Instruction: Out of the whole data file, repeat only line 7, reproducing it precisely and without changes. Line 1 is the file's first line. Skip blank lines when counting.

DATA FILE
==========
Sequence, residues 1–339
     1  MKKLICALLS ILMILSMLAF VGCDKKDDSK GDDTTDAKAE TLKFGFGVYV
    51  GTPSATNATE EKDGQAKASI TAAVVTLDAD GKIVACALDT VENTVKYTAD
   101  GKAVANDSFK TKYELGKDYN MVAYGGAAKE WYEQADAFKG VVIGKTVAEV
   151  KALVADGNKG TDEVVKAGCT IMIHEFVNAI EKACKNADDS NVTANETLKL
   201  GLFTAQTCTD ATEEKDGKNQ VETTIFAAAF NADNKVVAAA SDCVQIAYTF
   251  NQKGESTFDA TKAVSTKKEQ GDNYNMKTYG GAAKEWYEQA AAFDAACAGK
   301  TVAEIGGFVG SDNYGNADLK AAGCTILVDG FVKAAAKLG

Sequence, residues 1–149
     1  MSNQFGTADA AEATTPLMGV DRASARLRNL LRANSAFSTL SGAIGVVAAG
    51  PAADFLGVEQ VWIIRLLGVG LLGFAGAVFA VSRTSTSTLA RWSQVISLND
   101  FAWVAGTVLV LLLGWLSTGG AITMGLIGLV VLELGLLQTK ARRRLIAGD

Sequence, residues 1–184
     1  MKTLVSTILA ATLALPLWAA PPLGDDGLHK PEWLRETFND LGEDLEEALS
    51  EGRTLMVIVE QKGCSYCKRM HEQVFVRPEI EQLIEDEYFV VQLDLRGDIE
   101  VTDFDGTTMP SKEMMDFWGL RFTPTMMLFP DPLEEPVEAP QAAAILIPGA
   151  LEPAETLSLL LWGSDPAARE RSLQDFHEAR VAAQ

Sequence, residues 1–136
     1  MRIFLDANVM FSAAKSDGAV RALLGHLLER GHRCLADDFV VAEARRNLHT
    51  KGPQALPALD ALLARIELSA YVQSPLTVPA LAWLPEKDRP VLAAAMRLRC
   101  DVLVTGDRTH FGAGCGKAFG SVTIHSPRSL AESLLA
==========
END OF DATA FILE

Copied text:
   251  NQKGESTFDA TKAVSTKKEQ GDNYNMKTYG GAAKEWYEQA AAFDAACAGK